Maangamizi and The Case For Pan-African Reparations

Maangamizi and The Case For Pan-African Reparations

“I wrote a song called Maangamizi on the Thieves Banquet which some of you may know, some of you may not know. Maangamzi is a Swahili term and it translates roughly to the same sort of concept or idea as the word Holocaust. As a racist, genocidal campaign of brutality towards a particular group of people. 

And in the Pan-African world in the Pan African tradition the term Maangamizi refers to the entire process of colonialism, enslavement, and neo-colonialism. The development of racist, anti-African, anti-black ideas and their direct physical, political manifestations. So that’s what maangamizi means, that’s what it sums up. If you listen to my song, I think you’ll get a sense of the meaning and the ideology behind it.

I must say it was inspired by, I didn’t come out of a vacuum, it was inspired by; I went on a course with a lawyer called Esther Stamford Hose, who’s a lawyer and activist, who is a reparations lawyer so someone who looks at reparatory justice. And I went on a course around the idea of reparations and the case for reparations from a legal standpoint.

And I learnt a whole load of stuff, I had really no idea about, on that course, and saw how solid actually the legal case for reparations is in a Pan-African context. Which is one of the reasons the British states and other states would avoid directly apologising for Britain’s role in Trans-Atlantic slavery, in neo-colonialism, in coups and etc.

A direct apology from a head of state or from someone in a position of power would open, in a legal sense from what I understand, would open up the conversation for reparations even more which is why the language is always picked very carefully. People can express regret but they can’t apologise and that’s some what I learnt on this course which was really fascinating to me.

I learnt about the amount of minerals that have been dug out of the African continent over the past 500 years. I learnt about even more mechanics around the way aid works and the kind of corruption behind that. I learnt a little bit more about payments of odious debt, if you like, the way that odious debt is still used as a weapon of war and Neo-colonialism against those States etc etc etc. It was a fantastic course, I learnt so much.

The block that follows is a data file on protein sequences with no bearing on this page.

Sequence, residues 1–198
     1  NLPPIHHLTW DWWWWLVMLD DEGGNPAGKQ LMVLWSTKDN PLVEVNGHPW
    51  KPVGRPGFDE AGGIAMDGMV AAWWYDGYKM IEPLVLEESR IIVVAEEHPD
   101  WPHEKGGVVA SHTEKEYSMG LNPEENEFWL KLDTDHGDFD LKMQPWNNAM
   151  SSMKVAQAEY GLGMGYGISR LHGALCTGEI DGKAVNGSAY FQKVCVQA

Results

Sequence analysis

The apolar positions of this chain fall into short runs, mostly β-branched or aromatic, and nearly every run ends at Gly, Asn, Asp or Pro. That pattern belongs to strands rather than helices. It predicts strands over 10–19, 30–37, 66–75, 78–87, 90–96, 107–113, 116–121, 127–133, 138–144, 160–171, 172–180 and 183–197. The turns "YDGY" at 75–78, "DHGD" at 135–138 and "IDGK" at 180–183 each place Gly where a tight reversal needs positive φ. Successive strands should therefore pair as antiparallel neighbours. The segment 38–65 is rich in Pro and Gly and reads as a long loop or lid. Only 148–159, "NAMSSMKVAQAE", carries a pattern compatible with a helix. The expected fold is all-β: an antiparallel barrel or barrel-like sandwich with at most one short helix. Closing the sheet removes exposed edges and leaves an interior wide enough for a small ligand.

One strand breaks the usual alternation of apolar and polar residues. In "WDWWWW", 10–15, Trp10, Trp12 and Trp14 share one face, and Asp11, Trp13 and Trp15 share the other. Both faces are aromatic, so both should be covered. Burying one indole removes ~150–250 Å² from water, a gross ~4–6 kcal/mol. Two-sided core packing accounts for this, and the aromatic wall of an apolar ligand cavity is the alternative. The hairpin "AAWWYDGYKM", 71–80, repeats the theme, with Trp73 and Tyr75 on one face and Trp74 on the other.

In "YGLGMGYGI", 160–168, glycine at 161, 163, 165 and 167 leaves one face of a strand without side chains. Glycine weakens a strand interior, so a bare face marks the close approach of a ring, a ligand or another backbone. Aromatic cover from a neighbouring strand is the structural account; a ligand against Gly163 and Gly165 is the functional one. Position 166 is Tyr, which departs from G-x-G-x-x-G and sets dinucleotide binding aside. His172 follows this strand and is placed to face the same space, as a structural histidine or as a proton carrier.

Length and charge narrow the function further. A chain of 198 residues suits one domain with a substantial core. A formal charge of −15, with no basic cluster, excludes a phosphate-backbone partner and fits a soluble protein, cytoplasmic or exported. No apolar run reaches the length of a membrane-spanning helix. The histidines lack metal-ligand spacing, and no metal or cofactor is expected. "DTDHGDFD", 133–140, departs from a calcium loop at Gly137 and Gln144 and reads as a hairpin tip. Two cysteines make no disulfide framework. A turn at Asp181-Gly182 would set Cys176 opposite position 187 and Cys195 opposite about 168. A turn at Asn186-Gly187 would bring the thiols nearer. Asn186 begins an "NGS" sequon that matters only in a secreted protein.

I learnt particularly about this idea of and struggle for Pan-African reparations and how it connects to other forms of reparatory justice around the world. Of course, when you hear about Pan African reparations the mainstream media and a lot of our society, would just be like ‘crazy black people campaigning for something that ended 100 of years ago, why are they always whinging? You know how people are, very, very stupid. 

When you look at the direct manifestations and the direct lineage. So if we look in the American context, the direct lineage between the ending of slavery and then chain gangs and convict leasing and of course private prisons today, you can literally draw that straight line and see very clearly the legacy of that in America. 

If we take Brazil, the last country in the Americas to abolish slavery in 1888, and the policies are outlined in Do Nascimento’s book Brazil Mixture or Massacre. From 1888 onwards the Brazilian government had a policy that at the time they called ‘getting rid of the black stain’. I mean it was an open policy of trying to get rid of that population of enslaved Africans that Brazil had become very scared of.

We can see a direct lineage between the ending of slavery in Brazil in 1888 and the situation for Afro-Brazilians today in 2012. Police brutality, the fact that the overwhelming majority of that population, who are actually the majority of the population of Brazil, live in favelas, etc, etc, etc. That lineage is very clear.